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Brendon Harrington, Transportation Operations Manager for Google, approached our Experiential Learning (EL) team with a seemingly simple problem.

“What’s keeping me up at night,” he said at our first meeting, “is parking.”

For a company that deals regularly with digital information in the cloud, physical space had suddenly become a constraint to growth.

Parking at Google’s main Mountain View campus is so crowded that the company uses valet services at most parking lots to maximize space. Interstate on-ramps into and out of the campus are over capacity.

These conditions exist despite numerous perks aimed at sustainable commuting and traffic reduction.  More than 50% of Google employees already choose an alternative form of transportation to get to the Mountain View campus, whether taking a shuttle bus, carpooling, or biking to work. In addition, Google’s transportation department lends bikes to visiting employees, provides Google-themed bicycles for commuting between buildings, and offers a corporate fleet of electric cars that can be checked out using a system similar to City CarShare.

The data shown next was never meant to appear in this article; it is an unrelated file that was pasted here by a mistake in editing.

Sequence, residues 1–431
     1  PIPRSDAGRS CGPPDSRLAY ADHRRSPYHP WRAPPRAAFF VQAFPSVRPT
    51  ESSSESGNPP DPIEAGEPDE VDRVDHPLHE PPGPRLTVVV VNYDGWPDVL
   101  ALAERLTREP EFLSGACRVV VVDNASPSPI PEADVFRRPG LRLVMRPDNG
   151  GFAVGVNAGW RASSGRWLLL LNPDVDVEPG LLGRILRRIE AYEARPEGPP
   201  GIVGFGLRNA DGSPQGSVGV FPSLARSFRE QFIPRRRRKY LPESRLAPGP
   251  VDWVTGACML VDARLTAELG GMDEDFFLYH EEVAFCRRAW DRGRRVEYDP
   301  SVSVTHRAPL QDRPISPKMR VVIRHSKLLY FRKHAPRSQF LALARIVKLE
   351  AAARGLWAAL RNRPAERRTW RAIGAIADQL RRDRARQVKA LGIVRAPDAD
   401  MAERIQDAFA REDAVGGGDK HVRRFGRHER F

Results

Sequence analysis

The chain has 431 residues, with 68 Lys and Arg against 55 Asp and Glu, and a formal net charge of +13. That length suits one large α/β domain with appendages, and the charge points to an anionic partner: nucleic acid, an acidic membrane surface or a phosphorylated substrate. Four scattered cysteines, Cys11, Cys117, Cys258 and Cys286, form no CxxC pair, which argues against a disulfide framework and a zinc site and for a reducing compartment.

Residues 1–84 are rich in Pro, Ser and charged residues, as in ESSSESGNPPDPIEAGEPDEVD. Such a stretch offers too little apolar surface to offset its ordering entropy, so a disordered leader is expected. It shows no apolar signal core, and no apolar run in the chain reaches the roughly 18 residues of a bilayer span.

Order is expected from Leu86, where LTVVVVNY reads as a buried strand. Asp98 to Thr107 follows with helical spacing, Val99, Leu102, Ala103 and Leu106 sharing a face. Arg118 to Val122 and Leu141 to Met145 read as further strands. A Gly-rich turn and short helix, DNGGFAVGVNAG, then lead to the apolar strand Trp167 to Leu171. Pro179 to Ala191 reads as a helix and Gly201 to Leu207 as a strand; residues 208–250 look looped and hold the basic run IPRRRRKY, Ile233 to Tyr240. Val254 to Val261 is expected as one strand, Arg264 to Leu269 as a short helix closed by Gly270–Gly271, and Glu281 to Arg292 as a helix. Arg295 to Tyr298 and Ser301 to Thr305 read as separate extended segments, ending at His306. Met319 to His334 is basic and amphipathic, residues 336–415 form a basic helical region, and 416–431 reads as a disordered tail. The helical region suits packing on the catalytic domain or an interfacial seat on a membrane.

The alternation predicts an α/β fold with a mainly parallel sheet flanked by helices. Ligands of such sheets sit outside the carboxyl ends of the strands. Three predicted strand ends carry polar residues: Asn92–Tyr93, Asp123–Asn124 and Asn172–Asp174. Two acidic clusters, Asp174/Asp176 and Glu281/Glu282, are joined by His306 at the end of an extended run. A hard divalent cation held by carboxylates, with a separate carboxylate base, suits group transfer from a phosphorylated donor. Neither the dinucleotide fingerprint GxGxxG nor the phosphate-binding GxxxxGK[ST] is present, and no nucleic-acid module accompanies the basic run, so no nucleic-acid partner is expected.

Our Finance-Strategy EL team of Stowe Beam (C13), Andrew Shiflet (C13), Elizabeth Foughty (C13), and myself, built financial models to analyze offering new perks to employees to further reduce Google’s transportation-related carbon footprint. We closely examined building a parking cash-out system—offering employees a financial reward for giving up their cars—a system that Google already uses successfully at its Los Angeles office. We also examined building new bike routes, establishing flex time for employees, and leveraging Google’s technological expertise in mapping technologies and deployment of self-driving cars to better facilitate transit. If implemented, our suggestions for Google would substantially reduce car crowding as well as the carbon footprint of Google employees commuting to work.

Through our EL project, Presidio Graduate School was nominated for a one of Google’s Home, Sweet Home grants. These grants recognize local organizations that, among other things, reduce carbon footprint or emissions. Based on the work of our EL project and past ELs that have promoted sustainability and reduced carbon emissions, Google decided to reward PGS with a $15,000 grant to grow the EL program.

Hopefully, after our EL project, Brendon is sleeping a little better at night. Working with Google was a unique and exciting experience. Ideas that we’d normally consider outlandish or impossible became carefully considered possibilities. Our experience proves that people with similar passions in sustainability can come together to create solutions that are both economically and ecologically beneficial.


About the Author / Presidian Editor

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